According to the International Rhododendron Registry, which is held by the Royal Horticultural Society (RHS), there are over 28,000 cultivars of the Rhododendron species.
Rhododendrons have been extensively cultivated in the UK and natural hybrids have now appeared in areas where different ranges of species overlap, and many types of Rhododendron are now bred for their flowers, ornamental leaves, bark and stem quality!
Genus is a biological classification, thus, there is an ongoing realignment within horticulture meaning the original “Ledum genus” should now be reclassified to the subgenus of Rhododendron. Occurring mostly in the northern hemisphere, Asia and Australia; there are no species of Rhododendron native to South America and Africa.
Azaleas are a subgenus of Rhododendron; both of which are either shrubs or small trees, thus the leaves of these wonderfully sounding, beautifully looking pieces of nature are spirally arranged and they are often noted for their many clusters of large flowers.
Alpine species are usually much smaller and some other species of Rhododendron in the UK are invasive which means there is a preservation and restoration process required for their protection.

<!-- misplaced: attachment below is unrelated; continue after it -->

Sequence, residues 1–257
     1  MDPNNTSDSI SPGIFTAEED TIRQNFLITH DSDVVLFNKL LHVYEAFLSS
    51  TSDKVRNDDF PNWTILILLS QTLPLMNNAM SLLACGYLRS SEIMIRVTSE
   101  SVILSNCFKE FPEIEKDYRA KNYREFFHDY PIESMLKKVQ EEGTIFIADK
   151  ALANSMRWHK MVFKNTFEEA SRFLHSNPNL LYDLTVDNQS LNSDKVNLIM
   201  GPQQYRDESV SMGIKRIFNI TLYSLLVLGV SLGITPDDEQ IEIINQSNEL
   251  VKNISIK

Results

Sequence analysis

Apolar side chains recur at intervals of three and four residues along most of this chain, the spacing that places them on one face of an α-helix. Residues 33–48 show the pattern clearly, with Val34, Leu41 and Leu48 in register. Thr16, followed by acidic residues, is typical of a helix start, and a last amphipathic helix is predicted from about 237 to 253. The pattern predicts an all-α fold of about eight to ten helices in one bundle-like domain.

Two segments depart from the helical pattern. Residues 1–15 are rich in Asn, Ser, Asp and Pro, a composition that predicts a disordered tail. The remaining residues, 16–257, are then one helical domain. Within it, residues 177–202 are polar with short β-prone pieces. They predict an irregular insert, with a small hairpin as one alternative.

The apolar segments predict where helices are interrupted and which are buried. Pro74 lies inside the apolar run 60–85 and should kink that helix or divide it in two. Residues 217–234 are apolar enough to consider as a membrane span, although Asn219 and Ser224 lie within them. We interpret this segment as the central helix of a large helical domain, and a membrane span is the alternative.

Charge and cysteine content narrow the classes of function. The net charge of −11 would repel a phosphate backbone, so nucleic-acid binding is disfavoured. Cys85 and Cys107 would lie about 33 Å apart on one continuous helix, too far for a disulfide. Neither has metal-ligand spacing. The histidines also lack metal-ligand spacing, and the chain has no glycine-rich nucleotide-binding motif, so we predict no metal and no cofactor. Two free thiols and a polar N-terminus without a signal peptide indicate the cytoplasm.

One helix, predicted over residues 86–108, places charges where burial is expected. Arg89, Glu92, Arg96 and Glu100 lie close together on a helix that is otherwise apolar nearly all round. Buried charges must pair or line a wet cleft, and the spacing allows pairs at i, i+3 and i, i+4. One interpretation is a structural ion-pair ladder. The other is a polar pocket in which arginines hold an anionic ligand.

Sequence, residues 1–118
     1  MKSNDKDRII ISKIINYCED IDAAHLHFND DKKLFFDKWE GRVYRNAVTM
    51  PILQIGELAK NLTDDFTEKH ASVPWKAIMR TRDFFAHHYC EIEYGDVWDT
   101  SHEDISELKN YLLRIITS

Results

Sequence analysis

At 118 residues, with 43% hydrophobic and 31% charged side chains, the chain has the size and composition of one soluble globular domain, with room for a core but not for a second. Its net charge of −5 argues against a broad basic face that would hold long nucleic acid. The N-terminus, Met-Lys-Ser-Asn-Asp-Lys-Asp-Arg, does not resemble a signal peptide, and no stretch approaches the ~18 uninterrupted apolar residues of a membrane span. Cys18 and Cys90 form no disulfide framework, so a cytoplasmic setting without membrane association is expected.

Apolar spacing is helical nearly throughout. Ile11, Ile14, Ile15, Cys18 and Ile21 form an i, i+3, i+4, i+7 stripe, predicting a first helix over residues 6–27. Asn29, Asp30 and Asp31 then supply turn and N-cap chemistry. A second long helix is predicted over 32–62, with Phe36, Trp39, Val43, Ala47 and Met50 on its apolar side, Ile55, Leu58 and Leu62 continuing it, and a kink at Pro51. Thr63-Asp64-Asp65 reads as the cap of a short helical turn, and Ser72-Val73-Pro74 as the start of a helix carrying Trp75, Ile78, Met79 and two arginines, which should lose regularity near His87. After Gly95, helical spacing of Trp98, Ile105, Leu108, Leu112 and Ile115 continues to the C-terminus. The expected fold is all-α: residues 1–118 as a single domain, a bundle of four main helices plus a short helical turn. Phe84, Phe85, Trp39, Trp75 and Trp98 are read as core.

As many species of Rhododendron are introduced plants, spreading in woodland areas and replacing the natural understory, it has become an ecological management issue. The problem being the roots are difficult to eradicate especially if the Rhododendrons make new shoots.
There are a number of insects that either target Rhododendrons or will opportunistically attack them. Many borers, various weevils and caterpillars have become major pests attacking the species and spoiling their beauty.
Rhododendron species are always used as food plants by many butterflies and moths though major disease such as root rot, stem and twig fungus does affect various kinds and sadly they can easily be suffocated by other plants.
Extensively used for ornamental landscaping, many Rhododendron species are now commercially grown and in India, flowers from the Rhododendron have been used to make popular fruit and flower wines; Rhododendron is the national flower of Nepal and is often pickled or added to fish curry in the belief that it will soften the bones!
Luckily, the plant does have anti-inflammatory and other medicinal potential, though some Rhododendron species are poisonous because of the toxin in the pollen and nectar; people have been known to become ill from eating honey made by bees feeding on this plant.
Rhodon means “rose” in Ancient Greek, dendron means “tree” and rhododendron ponticum is the scientific name used by horticulturalists at the RHS.
Aren’t these purpley flowers just the most beautifully arranged part of the local park?